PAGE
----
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—-This renders the conjecture so absurd, that it will bear no farther animadversions.

We Masons profess that we are pilgrims in progression from the test.

Th8 Almighty planted a garden in the east, wherein he placed the perfection of human nature, the first man full of innocence and divine knowledge, and full of honor, even bearing the image of God.

Learning had its first progression from the east after the floods the Egyptians were the first who represented the zodiac, and the first who demonstrated the wisdom of the great Architect of the World in the revolutions of the heavens: they were the first projectors of the science of Geometry. s

In regard to the doctrine of our Saviour and the christian revelation, it proceeded from the east.

The star which proclaimed the birth of the Sort of God, appeared in the east.

The east was an expression used by the prophets to denote the Reamer.

From thence it may well be conceived, that we should profess our progress to be from thence; if we . profess by being Masons, that we are a society of the servants of that Divinity, whose abode is with the Father coeternal, in the centre of the heavens.

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But if we profess no such matter, then why should not we have alledged our progress to have been from the north, and the regions of chaos and darkness?

But we will, my brethren, forbear all further argument, and close the labours of the year with a sincere exhortation, that you will continue to act in this society as upright and religious men:—that you will exert yourselves in the promotion of its honorand let the wicked and ignorant revile ever so maliciously, be strenuous in your duties, as Masons and as Brethren:— exercise your benevolence with openness of heart, and your charity with cordiality, and not as hypocrites:—with attention endeavour to arrive at the utmost knowledge of your profession, the end of which, we boldly proclaim to you, is to work out the works of righteousness.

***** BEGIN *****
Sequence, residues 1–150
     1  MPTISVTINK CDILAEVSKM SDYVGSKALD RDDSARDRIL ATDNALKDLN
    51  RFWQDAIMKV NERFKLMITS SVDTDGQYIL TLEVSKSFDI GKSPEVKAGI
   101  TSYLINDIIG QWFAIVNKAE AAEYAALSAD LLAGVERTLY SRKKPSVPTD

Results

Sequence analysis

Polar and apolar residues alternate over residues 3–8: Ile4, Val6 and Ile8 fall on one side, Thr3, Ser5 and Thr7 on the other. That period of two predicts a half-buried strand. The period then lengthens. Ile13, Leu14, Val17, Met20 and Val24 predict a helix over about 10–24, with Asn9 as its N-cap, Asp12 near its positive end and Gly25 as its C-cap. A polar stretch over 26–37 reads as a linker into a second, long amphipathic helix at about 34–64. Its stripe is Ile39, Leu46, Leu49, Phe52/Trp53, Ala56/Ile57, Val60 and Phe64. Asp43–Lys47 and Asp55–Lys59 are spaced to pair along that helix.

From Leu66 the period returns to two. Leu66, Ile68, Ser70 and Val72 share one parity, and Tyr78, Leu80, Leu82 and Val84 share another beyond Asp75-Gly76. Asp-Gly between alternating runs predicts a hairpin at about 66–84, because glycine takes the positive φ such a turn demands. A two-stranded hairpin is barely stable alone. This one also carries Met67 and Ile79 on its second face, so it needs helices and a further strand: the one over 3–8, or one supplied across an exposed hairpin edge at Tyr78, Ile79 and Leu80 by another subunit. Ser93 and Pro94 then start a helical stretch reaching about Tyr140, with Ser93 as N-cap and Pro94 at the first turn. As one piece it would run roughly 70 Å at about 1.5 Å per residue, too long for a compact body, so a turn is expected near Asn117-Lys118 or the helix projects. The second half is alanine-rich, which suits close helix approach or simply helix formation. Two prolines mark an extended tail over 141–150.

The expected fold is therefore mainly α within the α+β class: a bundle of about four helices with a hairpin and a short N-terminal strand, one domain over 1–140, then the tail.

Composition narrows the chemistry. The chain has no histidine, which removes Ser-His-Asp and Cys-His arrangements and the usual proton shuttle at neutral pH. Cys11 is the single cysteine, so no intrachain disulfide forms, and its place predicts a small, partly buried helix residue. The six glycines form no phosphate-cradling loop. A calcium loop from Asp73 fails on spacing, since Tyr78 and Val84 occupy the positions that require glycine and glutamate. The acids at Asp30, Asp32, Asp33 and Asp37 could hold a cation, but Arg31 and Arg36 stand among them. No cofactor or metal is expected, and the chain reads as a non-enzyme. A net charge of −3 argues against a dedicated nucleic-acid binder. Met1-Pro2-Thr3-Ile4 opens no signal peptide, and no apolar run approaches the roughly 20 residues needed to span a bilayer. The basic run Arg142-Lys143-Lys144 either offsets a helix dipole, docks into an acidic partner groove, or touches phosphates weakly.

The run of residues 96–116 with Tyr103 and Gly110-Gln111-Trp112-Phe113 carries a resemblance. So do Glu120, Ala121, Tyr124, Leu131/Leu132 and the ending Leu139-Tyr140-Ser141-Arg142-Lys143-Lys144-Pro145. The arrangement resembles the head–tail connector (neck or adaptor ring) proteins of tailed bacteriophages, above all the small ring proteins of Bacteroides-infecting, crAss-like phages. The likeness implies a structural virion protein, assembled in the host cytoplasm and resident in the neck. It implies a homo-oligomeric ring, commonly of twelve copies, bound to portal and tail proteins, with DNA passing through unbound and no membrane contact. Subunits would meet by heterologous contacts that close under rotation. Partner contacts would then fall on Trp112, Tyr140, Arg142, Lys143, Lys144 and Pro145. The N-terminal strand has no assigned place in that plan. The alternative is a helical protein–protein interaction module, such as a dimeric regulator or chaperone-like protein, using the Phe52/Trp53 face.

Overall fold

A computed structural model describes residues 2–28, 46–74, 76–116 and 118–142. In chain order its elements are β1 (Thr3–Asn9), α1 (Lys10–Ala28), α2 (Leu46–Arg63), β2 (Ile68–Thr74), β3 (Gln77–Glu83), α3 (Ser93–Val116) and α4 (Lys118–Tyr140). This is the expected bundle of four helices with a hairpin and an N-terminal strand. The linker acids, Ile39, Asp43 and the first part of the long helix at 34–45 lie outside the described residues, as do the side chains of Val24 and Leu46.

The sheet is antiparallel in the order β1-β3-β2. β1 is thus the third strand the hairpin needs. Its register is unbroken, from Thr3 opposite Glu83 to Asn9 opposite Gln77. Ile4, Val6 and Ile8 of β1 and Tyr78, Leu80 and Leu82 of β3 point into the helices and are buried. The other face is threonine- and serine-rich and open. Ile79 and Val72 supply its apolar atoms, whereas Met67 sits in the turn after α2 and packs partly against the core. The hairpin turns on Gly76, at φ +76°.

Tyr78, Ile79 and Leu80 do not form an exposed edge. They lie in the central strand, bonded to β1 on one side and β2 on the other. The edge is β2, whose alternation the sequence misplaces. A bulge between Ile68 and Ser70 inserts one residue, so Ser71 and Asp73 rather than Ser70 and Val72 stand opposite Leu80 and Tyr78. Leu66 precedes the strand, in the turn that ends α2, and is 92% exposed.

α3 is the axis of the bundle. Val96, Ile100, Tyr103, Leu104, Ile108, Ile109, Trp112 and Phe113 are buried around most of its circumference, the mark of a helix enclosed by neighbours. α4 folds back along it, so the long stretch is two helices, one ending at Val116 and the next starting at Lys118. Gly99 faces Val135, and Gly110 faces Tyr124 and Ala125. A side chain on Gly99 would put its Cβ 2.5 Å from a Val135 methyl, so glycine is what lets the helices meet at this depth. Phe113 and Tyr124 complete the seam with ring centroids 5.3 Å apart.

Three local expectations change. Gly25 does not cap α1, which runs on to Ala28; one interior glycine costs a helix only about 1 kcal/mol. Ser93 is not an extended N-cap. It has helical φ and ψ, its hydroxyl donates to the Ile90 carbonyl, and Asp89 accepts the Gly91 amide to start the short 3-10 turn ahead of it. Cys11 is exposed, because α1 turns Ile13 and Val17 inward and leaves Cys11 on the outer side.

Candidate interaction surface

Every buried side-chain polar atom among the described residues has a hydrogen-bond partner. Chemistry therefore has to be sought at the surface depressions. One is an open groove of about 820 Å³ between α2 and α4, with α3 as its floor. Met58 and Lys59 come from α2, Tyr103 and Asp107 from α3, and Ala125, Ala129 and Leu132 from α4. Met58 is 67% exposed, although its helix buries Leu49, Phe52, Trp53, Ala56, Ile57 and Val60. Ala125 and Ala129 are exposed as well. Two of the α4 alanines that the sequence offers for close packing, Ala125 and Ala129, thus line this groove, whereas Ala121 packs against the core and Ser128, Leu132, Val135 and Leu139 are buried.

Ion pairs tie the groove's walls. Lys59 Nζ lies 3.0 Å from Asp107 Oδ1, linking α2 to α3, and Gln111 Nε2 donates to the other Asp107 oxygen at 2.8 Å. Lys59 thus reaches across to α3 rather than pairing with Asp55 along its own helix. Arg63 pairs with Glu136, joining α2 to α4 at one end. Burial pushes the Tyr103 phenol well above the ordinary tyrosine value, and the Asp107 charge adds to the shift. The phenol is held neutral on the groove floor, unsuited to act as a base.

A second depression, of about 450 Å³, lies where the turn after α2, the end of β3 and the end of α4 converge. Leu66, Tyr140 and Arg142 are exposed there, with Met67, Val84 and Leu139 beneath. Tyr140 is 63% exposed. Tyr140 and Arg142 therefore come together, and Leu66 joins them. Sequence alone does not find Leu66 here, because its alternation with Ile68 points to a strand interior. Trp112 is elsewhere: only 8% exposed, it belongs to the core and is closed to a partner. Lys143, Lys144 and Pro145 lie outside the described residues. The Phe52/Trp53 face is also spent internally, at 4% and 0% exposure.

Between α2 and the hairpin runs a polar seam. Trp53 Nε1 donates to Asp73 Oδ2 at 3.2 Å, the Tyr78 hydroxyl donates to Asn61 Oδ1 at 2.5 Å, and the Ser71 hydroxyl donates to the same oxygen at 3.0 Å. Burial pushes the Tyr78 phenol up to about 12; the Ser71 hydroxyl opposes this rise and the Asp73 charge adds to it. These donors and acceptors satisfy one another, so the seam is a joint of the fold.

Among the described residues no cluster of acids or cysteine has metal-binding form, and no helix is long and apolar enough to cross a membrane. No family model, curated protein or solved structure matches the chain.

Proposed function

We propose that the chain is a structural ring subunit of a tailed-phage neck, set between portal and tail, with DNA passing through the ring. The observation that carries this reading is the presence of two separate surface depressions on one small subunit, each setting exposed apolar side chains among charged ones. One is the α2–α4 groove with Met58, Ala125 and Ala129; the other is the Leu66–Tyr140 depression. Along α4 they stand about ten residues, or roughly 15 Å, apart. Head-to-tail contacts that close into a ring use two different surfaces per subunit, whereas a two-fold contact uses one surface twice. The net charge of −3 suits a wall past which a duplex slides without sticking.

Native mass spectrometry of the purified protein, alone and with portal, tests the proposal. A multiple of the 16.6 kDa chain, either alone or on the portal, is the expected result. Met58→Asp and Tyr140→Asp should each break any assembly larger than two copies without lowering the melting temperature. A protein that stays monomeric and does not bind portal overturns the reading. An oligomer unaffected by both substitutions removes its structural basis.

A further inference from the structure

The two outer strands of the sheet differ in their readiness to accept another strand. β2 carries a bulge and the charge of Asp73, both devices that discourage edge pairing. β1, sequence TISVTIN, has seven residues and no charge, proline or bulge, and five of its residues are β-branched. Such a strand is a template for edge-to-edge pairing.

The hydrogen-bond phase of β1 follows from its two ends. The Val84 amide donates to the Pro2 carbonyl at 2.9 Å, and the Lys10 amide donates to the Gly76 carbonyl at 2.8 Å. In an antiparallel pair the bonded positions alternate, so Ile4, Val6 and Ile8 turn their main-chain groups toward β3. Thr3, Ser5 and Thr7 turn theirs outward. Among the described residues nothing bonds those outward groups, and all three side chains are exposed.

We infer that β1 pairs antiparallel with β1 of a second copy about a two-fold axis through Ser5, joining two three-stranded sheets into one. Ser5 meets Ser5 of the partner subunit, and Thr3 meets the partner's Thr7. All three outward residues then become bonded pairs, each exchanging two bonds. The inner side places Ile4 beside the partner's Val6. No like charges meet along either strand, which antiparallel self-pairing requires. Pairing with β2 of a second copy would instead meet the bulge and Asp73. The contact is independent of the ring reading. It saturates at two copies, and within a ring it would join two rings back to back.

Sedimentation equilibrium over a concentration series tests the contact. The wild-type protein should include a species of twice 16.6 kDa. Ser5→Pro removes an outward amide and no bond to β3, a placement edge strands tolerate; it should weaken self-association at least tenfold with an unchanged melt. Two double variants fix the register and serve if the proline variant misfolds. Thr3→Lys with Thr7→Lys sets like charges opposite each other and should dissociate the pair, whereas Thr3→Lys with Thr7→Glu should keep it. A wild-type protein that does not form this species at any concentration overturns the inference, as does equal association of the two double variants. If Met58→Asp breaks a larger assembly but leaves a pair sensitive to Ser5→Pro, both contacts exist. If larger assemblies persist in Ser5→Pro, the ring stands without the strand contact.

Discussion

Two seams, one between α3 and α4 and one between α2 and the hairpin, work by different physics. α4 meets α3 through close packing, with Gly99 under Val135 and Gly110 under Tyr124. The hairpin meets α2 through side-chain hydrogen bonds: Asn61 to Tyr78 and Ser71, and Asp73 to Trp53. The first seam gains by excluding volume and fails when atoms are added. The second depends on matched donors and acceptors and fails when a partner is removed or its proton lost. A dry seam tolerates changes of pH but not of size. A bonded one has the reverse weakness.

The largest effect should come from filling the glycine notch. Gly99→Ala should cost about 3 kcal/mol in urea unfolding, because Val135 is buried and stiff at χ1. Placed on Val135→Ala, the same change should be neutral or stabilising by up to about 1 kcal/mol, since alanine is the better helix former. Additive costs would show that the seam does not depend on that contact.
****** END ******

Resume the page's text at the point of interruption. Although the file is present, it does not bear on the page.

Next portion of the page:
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A CHARGE

FOR THE FESTIVAL OF ST. JOHN,

Brethren,

Being this day, by your choice, exalted into this chair, it is the fervent wish of my heart, to render myself as little undeserving as possible of the distinguished honour: many important duties has a Master of a Lodge to perform. To give instruction is one; I do not however presume upon any superior abilities to dictate to my brethren; yet I think it incumbent upon me, whilst I have the honour to sit in this chair, on this and all other such occasional festivities, and think my office requires it of me, to exhort you to consider the nature of our institution, and to remind you of the duties it prescribes.. These duties are very various and important, and have this day, I doubt not, been expatriated upon in many places, by Reverend Brethren in the solemn Temple.

Our Order instructs us in our duty to the great Artificer of the Universe; directs us to behave as becomes creatures to their Creator; to be satisfied with his dispensations, and always to rely upon him, whose wisdom cannot mistake our happiness, whose goodness cannot contradict it.